Saturday, February 28, 2009

Radio Pick: Bad Bank on TAL

TORONTO, ONTARIO - This week's radio pick comes from Chicago Public Radio's This American Life.

The economic crisis gripping the United States has been described as "so complicated
that anyone that claims to know how to fix it is lying." That doesn't mean that people shouldn't try to understand the complexity, and there have been remarkably few tools available to assist such attempts. NPR's Planet Money team continues to provide remarkable insights into
the realities of the situation, presenting them on a variety of public radio programming but in full form in this week's 59-minute episode of This American Life. Why isn't anyone else doing this kind of understandable reporting?

Listen to streaming MP3 of This American Life "Bad Bank"

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This week, I have an honorable mention to offer. CBC's Terry O'Reilly and the Age of Persuasion continues to offer considerable insight into the history of advertising and marketing, and this week offered an excellent 27-minute show on how advertisers have commandeered holidays--a fitting reminder as St. Patrick's Day and Easter approach. Follow the links on the CBC page to listen.

Media: Paul Harvey, Good Life!

TORONTO, ONTARIO - For decades, virtually anywhere in the United States, at high noon it was possible to tune one's radio dial and find Paul Harvey's "News and Comment" on the ABC Radio Network. Harvey, a legend who worked in broadcasting for more than 75 years, died today at the age of 90.

Harvey's longevity in broadcasting was unprecedented. Entering the field at age 15, the first "Paul Harvey News and Comment" was broadcast on ABC on 1-April-1951, beginning a run that would last more than a half-century until his recent last commentary. Multiple generations of families grew up listening to Paul Harvey; my parents have childhood memories of him just as strong as my own of hearing him on KOMO and KONA-AM.

While he probably came to be better known for his "Rest of the Story" features on a single topic, my personal favorite was always the noon edition of "News and Comment," a fifteen minute summary of the news of the day opening with "Hello Americans, this is Paul Harvey. Stand by for News!" Along the way, commercial messages would be introduced by "Page Two" through "Page Five" but would often be voiced by Harvey himself, a practice which was often controversial for its potential blurring of news and advertising.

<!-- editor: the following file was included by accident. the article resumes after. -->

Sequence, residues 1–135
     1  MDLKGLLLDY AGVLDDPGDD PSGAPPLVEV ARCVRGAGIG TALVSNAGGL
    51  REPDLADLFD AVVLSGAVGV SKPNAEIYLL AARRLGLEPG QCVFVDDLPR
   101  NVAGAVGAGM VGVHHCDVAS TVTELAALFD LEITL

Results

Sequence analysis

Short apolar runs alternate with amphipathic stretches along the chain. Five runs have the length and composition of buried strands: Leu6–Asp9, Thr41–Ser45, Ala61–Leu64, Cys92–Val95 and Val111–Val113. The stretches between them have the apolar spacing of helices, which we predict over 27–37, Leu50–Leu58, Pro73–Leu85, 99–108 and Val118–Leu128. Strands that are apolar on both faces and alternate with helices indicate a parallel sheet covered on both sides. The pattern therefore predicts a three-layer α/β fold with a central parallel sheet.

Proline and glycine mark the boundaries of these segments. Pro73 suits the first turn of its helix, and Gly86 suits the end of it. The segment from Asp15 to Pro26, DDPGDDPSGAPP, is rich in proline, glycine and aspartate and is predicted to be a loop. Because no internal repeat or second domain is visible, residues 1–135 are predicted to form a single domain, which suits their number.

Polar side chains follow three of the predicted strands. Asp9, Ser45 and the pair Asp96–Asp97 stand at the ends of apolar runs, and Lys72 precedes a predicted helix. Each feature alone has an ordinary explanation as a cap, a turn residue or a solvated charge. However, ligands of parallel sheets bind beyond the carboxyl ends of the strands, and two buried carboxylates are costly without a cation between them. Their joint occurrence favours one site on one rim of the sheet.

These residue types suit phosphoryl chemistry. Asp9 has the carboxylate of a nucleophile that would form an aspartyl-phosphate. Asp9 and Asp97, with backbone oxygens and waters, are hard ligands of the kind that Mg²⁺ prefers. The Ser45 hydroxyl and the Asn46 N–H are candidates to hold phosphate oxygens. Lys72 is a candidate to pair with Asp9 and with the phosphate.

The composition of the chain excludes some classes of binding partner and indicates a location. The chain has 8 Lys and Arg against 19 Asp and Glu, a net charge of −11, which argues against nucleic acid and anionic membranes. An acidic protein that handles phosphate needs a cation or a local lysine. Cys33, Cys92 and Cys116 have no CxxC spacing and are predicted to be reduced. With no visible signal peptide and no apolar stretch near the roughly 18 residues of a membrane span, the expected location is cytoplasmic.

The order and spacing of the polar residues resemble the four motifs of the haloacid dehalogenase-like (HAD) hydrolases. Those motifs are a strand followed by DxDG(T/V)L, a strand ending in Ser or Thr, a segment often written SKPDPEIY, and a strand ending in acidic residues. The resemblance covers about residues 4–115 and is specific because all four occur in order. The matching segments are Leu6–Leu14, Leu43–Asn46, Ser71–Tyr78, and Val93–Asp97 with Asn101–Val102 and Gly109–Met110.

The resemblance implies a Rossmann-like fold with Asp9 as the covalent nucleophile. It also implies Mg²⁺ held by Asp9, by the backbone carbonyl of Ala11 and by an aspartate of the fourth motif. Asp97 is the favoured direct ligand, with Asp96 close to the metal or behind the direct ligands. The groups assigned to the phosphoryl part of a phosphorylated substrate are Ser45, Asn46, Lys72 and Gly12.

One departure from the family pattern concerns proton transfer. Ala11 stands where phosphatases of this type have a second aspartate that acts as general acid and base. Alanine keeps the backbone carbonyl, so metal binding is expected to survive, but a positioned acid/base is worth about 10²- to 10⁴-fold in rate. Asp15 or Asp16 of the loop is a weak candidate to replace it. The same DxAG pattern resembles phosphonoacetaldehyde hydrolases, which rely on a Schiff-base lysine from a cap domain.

Like any famous broadcaster, Harvey was often parodied. His distinctive style making creative use of pauses and tone changes and well as a full slate of mannerisms ("US--U.S.", "who would want you to know his name" while not giving it, and more) provided ample material. During the O.J. Simpson trial, Harry Shearer did an imagined phone call of Harvey calling Simpson during the slow speed chase, ending with (what else), "O.J.--Good day!" My all-time favorite was heard on KGO in San Francisco by Brian Copeland and Chicago C. Barkley in which "an attempt at reaching out to minority audiences" resulted in "P. Diddy Harvey," who offered "word up for news!" and reported on the "the movie you sneaked into most often last weekend."

It was on KGO that I first heard Harvey referred to as an "ultra-conservative commentator," which I felt said more about the person making that description than about the ABC legend. Harvey was conservative, but more in the sense of being quaint and not in an aggressive sort of way. His conservatism came through in features like "this is not one world," with which my disagreements have already been documented on this blog, but also in much gentler ways like a day when he spent several minutes describing how rap star André 3000 of OutKast insisted on bathing every day.

Harvey ended each "News and Comment" broadcast with a story those in the business call a "kicker"--an amusing story worth waiting for the end of a broadcast to hear. I often stole Harvey's kickers to close my own news compilations, citing him as a source. There was a certain appropriateness to this as Harvey himself relied on a network of mostly midwestern colleagues and friends to help him find such stories. A Google search for "Paul Harvey and Ron Dettinger" returns as one of its top results one of my News Beyond the Farm reports from 1995, closing with a Dettinger story.

Of course, after the kicker Paul Harvey always ended with the same words, in his distinctive cadence--"Paul Harvey, good DAY!" Perhaps now, the most appropriate close is to say, "To Paul Harvey, good AFTERLIFE!"

Friday, February 27, 2009

Music: BNL as a Spiritual Band

BNL performed at the CBC's Sounds of the Season fundraiser in Toronto, Ontario on 5-December-2008

TORONTO, ONTARIO - On Wednesday, BNL founders Ed Robertson and Steven Page announced that lead singer Page would be leaving the band to pursue a solo career and perhaps acting, and the band would continue without him. In light of the rough year that the band has had, the news could not be called a complete surprise, but the announcement still was widely reported throughout Canada. The band, known for its playful lyrics and performances, remains clearly beloved in its native land.